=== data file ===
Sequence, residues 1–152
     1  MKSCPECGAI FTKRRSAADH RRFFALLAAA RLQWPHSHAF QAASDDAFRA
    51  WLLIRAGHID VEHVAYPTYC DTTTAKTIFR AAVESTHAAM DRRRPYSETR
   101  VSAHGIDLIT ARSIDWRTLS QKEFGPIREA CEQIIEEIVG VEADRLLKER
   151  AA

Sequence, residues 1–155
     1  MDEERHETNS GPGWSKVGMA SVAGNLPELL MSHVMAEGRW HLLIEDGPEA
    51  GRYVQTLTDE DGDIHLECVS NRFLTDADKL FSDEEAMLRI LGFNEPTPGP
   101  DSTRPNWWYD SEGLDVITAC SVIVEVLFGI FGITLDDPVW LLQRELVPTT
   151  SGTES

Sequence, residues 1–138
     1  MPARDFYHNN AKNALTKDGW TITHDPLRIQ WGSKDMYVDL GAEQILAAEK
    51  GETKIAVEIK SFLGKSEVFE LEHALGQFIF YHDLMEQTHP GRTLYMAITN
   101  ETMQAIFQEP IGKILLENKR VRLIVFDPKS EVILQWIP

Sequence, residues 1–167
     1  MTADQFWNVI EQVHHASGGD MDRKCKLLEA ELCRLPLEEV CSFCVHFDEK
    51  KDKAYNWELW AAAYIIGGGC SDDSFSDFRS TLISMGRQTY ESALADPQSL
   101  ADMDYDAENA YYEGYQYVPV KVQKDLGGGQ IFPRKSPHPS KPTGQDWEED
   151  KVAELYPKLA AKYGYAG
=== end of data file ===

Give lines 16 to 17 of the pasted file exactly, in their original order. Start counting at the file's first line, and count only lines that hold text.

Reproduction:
     1  MTADQFWNVI EQVHHASGGD MDRKCKLLEA ELCRLPLEEV CSFCVHFDEK
    51  KDKAYNWELW AAAYIIGGGC SDDSFSDFRS TLISMGRQTY ESALADPQSL